Another was of two kangaroo shooters who were found to be wonderfully good shots. They accordingly became snipers, and operated at a considerable distance from each other with much success. Lord Kitchener when on the Peninsula heard of them and said he would like to meet them. They had to take up their


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position at night, and one of them when coming off duty was told that General Kitchener wished to speak to him. When brought before the General he drew himself up and saluted in proper military style.

The General spoke to him nicely and asked him what luck he had had that day.

“I did well, sir; I got ten Turks.”

“You shot ten Turks?” said Kitchener.

“Yes, sir,” was the answer.

“That's not bad,” remarked the General, “but you did not do as well as your mate. He got twenty-two.”

“Did Bill say that?” answered the sniper indignantly. “Then tell him from me he's a bloody liar.”

Some Turks had good boots which Australians were keen to possess. Men were in the habit of raiding enemy trenches to get a pair. One Australian who disappeared into the Turk's trenches was an inordinately long time away. He eventually turned up with the much prized boots. “We thought you were not coming back. What delayed you?” he was asked. “Oh,” he answered, “I had to kill six before I got a pair to fit.”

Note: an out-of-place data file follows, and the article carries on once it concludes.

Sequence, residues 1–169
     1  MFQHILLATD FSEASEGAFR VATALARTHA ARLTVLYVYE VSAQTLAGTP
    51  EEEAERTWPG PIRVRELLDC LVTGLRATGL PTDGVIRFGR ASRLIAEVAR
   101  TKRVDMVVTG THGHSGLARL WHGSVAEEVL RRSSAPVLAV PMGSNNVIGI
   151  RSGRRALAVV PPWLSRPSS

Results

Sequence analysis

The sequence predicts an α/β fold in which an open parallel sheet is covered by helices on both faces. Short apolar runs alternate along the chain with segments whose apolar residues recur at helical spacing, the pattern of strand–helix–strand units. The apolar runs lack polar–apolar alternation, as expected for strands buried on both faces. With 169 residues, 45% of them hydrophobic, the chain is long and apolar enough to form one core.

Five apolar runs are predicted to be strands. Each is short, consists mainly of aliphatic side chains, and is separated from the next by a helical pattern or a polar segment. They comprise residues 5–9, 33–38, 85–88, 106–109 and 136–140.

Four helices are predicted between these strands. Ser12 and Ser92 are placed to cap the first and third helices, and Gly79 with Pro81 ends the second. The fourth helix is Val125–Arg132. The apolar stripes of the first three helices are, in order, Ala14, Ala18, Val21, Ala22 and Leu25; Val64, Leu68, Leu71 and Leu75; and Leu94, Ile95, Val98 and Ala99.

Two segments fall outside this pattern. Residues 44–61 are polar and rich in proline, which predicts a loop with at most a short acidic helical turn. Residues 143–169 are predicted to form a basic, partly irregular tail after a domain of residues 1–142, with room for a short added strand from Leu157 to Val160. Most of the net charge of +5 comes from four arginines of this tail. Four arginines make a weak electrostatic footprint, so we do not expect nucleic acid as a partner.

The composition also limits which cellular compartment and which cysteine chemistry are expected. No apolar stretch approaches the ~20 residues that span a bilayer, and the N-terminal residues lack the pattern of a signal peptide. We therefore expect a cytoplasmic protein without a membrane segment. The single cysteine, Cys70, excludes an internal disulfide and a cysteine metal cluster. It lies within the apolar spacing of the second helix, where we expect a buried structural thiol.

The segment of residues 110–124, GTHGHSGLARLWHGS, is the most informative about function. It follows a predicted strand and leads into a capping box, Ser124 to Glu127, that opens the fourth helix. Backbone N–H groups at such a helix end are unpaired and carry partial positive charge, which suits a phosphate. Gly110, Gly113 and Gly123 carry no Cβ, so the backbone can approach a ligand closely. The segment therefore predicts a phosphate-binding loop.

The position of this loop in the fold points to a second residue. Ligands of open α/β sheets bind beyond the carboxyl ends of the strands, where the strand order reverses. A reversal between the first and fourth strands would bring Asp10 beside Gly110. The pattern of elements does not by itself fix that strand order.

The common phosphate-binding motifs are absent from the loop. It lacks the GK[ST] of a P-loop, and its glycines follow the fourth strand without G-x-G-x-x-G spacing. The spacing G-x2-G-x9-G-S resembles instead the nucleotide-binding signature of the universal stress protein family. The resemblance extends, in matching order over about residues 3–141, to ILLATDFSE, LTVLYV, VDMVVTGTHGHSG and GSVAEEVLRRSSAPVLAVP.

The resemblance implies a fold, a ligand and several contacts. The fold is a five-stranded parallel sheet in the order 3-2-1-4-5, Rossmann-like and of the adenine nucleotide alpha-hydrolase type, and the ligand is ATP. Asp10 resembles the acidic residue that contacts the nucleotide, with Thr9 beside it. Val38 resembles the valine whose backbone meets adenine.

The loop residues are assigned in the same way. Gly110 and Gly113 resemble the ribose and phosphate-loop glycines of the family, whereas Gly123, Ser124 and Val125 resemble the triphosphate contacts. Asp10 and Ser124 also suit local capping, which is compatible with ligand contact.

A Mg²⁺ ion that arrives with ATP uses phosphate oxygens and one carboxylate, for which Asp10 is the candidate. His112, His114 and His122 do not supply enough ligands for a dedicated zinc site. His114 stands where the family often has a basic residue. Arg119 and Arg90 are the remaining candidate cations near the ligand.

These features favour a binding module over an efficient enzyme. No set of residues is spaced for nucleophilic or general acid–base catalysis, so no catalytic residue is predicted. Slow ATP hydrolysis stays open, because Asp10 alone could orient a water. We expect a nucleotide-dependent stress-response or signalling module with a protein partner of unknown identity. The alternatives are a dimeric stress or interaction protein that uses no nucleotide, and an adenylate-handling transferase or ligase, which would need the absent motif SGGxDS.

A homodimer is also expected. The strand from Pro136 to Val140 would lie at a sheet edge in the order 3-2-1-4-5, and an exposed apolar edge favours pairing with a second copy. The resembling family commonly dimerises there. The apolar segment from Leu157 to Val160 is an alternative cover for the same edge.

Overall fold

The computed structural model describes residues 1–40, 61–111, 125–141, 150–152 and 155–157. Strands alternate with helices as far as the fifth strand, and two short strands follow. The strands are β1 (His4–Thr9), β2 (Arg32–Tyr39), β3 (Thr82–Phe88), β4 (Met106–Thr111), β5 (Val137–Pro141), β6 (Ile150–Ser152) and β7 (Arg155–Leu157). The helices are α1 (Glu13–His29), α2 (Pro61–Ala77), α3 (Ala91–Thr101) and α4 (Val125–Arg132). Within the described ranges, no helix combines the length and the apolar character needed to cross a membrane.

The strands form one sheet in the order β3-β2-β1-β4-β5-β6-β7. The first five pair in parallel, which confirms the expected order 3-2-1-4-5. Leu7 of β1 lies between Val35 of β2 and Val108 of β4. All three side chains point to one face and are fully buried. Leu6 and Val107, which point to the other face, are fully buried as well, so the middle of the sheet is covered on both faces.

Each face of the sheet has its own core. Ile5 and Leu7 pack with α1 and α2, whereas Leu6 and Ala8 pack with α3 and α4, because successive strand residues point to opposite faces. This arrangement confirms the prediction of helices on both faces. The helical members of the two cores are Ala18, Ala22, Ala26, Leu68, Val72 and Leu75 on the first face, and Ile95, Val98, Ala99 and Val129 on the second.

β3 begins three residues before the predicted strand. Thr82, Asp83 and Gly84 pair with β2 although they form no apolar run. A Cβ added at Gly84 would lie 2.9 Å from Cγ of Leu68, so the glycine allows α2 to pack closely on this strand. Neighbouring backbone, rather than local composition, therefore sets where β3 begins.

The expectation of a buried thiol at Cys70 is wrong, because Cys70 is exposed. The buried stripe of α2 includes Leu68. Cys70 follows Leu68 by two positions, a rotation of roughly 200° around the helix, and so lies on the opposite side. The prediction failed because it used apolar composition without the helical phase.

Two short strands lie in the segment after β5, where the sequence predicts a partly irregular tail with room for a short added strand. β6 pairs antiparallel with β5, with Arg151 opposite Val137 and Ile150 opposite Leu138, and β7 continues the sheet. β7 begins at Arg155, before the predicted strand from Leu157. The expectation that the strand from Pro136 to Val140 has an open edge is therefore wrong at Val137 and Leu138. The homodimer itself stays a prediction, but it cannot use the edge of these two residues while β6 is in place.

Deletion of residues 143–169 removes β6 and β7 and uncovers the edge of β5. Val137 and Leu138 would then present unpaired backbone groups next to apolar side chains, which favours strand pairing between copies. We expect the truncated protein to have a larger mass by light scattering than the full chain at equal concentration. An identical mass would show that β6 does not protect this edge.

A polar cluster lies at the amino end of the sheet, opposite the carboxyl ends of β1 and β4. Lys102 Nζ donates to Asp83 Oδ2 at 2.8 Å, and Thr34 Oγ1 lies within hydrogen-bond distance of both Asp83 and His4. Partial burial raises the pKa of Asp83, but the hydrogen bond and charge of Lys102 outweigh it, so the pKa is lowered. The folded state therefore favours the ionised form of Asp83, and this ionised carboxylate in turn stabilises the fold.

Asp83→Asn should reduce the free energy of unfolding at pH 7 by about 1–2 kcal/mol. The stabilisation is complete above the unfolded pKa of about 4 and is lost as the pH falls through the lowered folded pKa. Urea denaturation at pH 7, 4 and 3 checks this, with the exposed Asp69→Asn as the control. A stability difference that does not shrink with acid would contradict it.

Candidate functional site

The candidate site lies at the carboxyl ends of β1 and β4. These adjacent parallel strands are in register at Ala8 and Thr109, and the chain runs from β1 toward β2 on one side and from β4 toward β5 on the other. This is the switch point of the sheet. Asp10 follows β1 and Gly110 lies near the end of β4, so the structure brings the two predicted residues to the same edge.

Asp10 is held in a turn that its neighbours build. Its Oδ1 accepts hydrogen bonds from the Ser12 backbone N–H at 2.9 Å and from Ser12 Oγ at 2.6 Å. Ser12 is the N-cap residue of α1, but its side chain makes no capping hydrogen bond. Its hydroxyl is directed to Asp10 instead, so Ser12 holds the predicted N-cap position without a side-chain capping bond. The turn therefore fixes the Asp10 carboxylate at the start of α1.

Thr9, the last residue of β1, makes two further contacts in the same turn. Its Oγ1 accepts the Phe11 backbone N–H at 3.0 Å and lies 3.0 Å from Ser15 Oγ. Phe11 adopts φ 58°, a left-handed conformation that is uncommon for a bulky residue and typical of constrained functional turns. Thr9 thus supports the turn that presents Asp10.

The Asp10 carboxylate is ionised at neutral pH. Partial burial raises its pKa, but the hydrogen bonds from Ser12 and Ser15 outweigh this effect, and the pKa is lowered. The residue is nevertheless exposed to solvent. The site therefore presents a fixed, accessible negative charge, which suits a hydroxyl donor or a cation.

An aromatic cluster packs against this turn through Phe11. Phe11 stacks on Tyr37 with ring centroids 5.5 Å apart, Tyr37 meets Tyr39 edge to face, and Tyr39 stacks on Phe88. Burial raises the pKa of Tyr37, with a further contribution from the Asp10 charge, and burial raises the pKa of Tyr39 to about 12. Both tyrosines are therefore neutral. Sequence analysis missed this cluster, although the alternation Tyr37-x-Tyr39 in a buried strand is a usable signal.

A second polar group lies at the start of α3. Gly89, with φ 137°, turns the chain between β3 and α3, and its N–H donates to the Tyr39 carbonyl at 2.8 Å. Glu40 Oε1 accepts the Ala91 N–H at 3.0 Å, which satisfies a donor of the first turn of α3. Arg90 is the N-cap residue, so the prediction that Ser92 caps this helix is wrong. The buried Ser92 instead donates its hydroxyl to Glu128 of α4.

An officer when going his rounds thought he heard a call from a partially collapsed dug-out. He told his batman to investigate. Subsequently he said to the batman, “Well, did you find anyone?” “Yes, sir,” came the reply. The officer asked, “Did you get him out?” “No,” was the answer. “And why not?” “Well, sir,” said the batman, “he was the parson, and we won't want him until Sunday.”

I met a Victoria Cross winner who had come back with a great reputation as a courageous fighter, having